Today is the first day I’ve been able to really do any work in two weeks. I’m finally adding image support for the gather operation. I was able to take a walk in the sun instead of hanging around in the hospital with a laptop and books (mostly sitting on a folding chair next to a red biohazard box and anti-bacterial hand sanitizer).
This should be obvious. New technology often has a nascent presence. For example: before iTunes, there was Napster – the innovation was a new commercial market for digital media.
Everything with GPGPU involves machine learning. That includes SETI/Folding@home. There’s a big combinatorial space to search for good stuff. That’s what data mining is about: take this raw data and refine value out of it as some processed or finished product or service.
These problems are not what we learn to do in university as part of the usual CS curriculum. All of our technology and applications are designed around the von Neumann machine.
I think that applications and platforms are a chicken and egg problem. If you build a platform that does new things before there are applications, it fails because no one needs it. If you have applications, then you build platforms for these old problems. Nothing new happens.
There must be bridging technology. That’s true even for something like Java. It started out as an embedded platform (Oak). Then it became thin clients (sandboxed applet), moved to the server back-end (enterprise IT), and now it is back on clients (Android). It was flexible enough to have utility for different markets.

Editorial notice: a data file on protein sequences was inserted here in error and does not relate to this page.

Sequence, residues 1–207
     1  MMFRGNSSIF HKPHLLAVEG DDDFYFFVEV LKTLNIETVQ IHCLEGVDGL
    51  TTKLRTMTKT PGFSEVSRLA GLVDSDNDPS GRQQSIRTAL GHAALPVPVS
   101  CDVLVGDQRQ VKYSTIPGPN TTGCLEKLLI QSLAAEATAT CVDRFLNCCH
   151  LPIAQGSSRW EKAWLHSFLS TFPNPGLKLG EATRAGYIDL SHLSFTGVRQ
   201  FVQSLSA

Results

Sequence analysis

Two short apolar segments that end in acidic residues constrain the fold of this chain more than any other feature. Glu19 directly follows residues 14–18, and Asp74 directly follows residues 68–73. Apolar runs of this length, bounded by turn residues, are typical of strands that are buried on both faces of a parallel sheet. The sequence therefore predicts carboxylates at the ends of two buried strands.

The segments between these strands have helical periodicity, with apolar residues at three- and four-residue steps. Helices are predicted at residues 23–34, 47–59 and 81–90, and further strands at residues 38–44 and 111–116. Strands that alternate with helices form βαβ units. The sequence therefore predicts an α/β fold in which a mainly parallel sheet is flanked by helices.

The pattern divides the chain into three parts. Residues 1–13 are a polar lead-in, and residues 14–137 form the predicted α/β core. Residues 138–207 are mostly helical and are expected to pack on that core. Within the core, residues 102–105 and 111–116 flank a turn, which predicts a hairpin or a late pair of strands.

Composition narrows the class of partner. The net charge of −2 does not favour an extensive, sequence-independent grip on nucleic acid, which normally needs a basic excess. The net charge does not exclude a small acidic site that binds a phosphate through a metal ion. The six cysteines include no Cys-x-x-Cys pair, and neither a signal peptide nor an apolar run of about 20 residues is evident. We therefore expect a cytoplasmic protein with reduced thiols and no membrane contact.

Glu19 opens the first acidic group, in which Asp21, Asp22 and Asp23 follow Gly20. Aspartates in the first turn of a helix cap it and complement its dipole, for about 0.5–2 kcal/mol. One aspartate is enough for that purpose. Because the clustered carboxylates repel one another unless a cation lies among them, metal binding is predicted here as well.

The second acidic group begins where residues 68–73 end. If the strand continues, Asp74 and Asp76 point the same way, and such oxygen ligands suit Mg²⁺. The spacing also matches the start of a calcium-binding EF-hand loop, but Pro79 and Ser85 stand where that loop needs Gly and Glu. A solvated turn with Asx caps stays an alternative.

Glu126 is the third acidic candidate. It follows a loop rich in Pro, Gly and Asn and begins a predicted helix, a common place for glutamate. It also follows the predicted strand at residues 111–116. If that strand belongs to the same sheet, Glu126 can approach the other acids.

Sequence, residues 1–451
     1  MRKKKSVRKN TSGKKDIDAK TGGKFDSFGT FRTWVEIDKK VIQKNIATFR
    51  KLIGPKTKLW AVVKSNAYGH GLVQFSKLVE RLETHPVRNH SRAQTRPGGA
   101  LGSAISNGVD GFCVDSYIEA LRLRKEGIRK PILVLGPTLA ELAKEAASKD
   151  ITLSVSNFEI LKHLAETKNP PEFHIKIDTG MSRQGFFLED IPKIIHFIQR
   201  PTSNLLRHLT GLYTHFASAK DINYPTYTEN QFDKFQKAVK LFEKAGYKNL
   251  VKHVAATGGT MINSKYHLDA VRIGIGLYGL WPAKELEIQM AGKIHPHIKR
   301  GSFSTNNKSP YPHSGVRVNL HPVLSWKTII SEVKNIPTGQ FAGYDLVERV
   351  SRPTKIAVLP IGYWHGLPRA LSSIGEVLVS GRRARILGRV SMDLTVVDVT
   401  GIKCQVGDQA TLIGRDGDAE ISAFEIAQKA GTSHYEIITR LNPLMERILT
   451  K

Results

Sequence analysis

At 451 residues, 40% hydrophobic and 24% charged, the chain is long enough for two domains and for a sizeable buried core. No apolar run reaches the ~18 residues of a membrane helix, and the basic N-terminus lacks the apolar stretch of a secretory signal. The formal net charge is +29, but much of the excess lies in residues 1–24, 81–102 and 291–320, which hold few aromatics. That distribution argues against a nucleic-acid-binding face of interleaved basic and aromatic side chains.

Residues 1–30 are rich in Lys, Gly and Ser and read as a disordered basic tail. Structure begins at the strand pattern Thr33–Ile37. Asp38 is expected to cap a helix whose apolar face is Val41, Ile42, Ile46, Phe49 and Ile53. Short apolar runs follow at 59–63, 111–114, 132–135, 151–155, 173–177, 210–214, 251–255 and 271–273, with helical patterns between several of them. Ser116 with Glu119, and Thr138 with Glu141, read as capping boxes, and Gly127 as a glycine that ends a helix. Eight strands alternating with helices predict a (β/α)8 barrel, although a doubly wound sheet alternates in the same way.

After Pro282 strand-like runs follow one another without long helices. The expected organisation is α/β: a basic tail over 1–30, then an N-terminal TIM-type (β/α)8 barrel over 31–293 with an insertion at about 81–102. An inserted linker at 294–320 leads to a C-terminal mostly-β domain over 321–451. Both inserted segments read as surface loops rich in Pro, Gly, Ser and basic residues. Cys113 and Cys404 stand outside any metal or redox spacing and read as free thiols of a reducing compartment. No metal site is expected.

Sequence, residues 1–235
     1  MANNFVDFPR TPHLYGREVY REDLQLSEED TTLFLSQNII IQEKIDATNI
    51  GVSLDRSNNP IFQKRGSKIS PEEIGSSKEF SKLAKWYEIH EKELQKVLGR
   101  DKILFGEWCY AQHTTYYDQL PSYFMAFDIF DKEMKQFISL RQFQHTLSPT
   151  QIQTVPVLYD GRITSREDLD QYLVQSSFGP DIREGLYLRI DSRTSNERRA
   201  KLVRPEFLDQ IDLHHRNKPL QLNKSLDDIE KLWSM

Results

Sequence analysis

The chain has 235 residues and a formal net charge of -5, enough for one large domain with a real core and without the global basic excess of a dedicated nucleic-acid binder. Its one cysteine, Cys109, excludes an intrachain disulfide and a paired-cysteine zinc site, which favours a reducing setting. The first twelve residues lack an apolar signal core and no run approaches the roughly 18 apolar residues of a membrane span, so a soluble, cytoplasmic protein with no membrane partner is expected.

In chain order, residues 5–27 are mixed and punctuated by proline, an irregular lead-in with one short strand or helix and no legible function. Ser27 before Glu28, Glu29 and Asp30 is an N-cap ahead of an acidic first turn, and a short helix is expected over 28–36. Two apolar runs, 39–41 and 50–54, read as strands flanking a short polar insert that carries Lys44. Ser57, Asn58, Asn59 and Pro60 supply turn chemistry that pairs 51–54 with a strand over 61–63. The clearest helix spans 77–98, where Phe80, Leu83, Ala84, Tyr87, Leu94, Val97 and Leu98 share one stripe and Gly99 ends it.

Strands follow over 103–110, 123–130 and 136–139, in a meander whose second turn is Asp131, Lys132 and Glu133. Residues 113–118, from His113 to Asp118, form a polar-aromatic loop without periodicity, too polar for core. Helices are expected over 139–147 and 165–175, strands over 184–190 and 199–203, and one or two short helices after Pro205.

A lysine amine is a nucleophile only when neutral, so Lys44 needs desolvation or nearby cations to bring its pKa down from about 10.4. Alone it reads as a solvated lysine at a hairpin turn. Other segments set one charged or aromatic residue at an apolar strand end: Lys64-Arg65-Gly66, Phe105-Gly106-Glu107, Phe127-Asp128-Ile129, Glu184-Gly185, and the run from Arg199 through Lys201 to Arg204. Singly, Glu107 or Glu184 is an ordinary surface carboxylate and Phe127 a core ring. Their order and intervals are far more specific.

Something like this must happen if GPGPU is to become more significant.
I gave a ten minute book review at a meetup. It was hard to concentrate in the hospital so I mostly read Rob Farber’s book a few times. Then I wrote up a slide deck and practiced a few times before the meetup. This went over quite well which surprised me.
Machine learning is a pervasive theme in Rob Farber’s book. It seems Rob Farber also perceives statistical learning theory as the egg that comes before the chickens.
I don’t have a PhD in statistics. I don’t even have a PhD. I dropped out. Twice. And I’ve only had one job with machine learning as a support quant. So I have to rely on intuition more than others.
I wonder if we haven’t seen the good GPGPU ML applications yet. My (very limited) real world experience is that ML and GPGPU meet just about when diminishing returns have set in. Sensible use of statistical methods, heuristic scoring functions, and map-reduce techniques are sufficient to pick the low hanging fruit. This could mean two things.
- Machine learning applications do not need GPGPU.
- GPGPU will allow new machine learning applications.
So if we try to use GPGPU for current applications, we do not realize much gain. The space of applications is what we conceive as tractable and practical for available technology. When new technology is invented, it may not yield much advantage for old problems.